Help me understand. When you say, "Adhere to Ancient Landmarks," how does this apply to the doctrine of exclusive territorial jurisdiction? I
would assume that when you say landmarks, you are really speaking of principles of actions. In this case, we are speaking of a boundary set up
against innovation, much like a river that cannot be moved and blocked. Speaking of Crowley, we are seeing a man who innovates and moves ahead of the
pack. My assumption is that this is the main reason such a Mason would be distanced from the herd. Considering the English Grand Lodge does not
recognize landmarks, how do you define their status?
Which of these 25 Landmarks (linked below) would disqualify Crowley and the lodges he pledged?
According to most masonic constitutions, Crowley would be innocent of all charges by this standard. "Heresy, for instance, is not a masonic crime.
Masons are obliged to use the words of the Old Charges, "to that religion in which all men agree, leaving their particular opinions to themselves;"
and, therefore, as long as a Mason acknowledges his belief in the existence of one God, a lodge can take no action on his peculiar opinions, however
heterodox they may be." Even if he subverts the laws of a state, he can only be "be pitied as an unhappy man."
This next one seems to be broken on ATS regularly by Masons: "... imprudent conversation in relation to Masonry in the presence of uninitiated
strangers; refusal to relieve a worthy distressed Brother, if in your power; and all "wrangling, quarreling, back-biting, and slander."
Does this website contradict these landmarks? If not, does it disqualify a Mason from the lodge by conflict with his constitution? Who makes these
decisions? I am sorry, but I have questions and seeing Crowley in full Masonic regalia makes me think he may have been one.
25 Landmarks from An Encyclopaedia of Freemasonry” of 1858:
In the early eighteenth century, English Grand Master George
Payne, in compiling his General Regulations, determined that “[e]very annual Grand-Lodge has
an inherent power and authority to make new Regulations, or to alter these, for the real benefit of
this ancient Fraternity: Provided always that the old Landmarks be carefully preserved . . .”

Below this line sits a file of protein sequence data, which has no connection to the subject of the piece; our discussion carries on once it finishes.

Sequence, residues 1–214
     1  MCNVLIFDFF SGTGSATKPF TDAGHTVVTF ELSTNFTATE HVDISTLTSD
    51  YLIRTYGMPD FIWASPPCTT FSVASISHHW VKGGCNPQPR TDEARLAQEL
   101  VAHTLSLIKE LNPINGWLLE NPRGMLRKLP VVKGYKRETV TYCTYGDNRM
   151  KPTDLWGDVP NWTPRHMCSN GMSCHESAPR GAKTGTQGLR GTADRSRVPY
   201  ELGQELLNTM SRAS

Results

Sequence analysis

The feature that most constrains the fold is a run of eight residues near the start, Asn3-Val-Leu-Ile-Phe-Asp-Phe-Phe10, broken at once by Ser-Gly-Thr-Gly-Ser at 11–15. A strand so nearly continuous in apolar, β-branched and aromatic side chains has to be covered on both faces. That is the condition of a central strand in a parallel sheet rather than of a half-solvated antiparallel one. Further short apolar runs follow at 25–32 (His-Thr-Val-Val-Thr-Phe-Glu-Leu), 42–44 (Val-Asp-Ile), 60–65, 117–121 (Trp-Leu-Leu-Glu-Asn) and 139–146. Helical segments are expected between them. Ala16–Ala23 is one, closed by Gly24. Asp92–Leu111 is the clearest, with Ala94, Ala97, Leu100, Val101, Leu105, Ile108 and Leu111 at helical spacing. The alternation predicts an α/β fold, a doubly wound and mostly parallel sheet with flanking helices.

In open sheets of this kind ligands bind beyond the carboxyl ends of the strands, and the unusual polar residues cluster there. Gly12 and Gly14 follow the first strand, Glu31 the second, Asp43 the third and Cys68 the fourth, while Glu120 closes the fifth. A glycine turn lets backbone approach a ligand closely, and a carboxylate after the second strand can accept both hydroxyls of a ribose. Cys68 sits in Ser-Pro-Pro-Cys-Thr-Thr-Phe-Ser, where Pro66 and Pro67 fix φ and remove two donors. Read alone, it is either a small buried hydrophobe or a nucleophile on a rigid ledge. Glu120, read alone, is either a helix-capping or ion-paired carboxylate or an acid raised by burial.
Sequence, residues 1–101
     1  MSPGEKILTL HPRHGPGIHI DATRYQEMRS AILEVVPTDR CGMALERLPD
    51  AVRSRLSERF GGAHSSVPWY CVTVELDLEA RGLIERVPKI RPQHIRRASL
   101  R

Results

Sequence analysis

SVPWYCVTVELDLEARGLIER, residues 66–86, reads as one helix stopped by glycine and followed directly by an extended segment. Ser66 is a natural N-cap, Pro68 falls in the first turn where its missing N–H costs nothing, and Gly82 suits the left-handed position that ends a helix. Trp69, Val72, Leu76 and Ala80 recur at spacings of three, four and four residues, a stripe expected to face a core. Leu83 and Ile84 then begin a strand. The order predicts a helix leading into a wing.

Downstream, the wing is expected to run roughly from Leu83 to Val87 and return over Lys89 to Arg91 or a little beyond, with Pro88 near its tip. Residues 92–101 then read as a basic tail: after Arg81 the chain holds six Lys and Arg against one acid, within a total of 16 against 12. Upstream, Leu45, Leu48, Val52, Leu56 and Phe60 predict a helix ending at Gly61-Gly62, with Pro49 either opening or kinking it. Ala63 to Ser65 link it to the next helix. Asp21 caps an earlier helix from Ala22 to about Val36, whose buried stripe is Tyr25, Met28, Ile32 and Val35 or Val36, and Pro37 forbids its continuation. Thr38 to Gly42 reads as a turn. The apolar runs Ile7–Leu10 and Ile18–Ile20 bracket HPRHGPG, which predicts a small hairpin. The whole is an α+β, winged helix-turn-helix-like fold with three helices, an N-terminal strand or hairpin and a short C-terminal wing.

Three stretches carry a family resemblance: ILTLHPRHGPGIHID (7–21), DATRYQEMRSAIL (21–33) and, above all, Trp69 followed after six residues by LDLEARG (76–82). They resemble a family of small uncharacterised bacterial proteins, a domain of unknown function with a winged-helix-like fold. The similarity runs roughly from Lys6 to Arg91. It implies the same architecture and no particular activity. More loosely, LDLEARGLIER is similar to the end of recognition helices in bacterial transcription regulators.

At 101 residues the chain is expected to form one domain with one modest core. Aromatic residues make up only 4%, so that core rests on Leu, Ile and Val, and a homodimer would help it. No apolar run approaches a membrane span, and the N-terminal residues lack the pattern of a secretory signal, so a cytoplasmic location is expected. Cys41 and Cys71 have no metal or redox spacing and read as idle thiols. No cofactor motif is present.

1. Modes of recognition.
2. The division of symbolic Masonry in three degrees.
3. The legend of the Third Degree being the essence and identity of Freemasonry.
4. Government of the Fraternity by an elected Grand Master.
5-8. The prerogative of the Grand Master a) to preside over every assembly of the Craft, b) to grant dispensation for conferring degrees at irregular
times, c) for opening and holding lodges and d) to make Masons at sight.
9. The necessity for masons to congregate in lodges.
10. The Government of a lodge by a Master and two Wardens.
11. The necessity that every lodge should be duly tiled.
12-14. The right of every Mason to a) be represented to all general meetings of the Craft; b) to appeal from a lodge’s decision to Grand Lodge; c)
to visit every regular lodge (right of visitation).
15. No unknown visitor to enter a lodge without examination.
16. No lodge to interfere with the business of another lodge, or give degrees to Brethren who are members of other lodges.
17. Every Mason to be amenable to the laws and regulations of the Masonic jurisdiction in which he resides. Non-affiliation, a Masonic offence, does
not exempt a Mason from Masonic jurisdiction.
18. A candidate for initiation to be a man -unmutilated, free-born, and of mature age. A woman, a cripple, or a slave, or one born in slavery, is
19,20. Belief in a) the existence of God as the Grand Architect of the Universe, and b) resurrection to a future life.
21. The Book of the Law to have a place in every lodge. It is that volume which, by the religion of the country, “is believed to contain the
revealed will of the Grand Architect of the Universe”.
22. The equality of all Masons.
23. Secrecy. “If divested of its secret character, it would loose its identity and cease to be Freemasonry”.
24. The foundation of a speculative science upon an operative art, and the symbolic use and explanation of the terms of that art, for the purposes of
religious or moral teaching. “The Temple of Solomon was the symbolic cradle of the Institution”.
25. The crowning landmark is that these landmarks can never be changed.
Originally posted by AugustusMasonicus
Originally posted by EnochWasRight
He was connected to Masonic ritual, considered himself a Mason and participated with lodges. Recognized or not, that matter is irrelevant.
It is highly relevant.
Any group can start a lodge and claim they are 'Masons', just as Crowely's unrecognized lodge, this does not make them such. If they do not adhere
to the Ancient Landmarks and tenets of the Fraternity they will remain justly clandestine and irregular.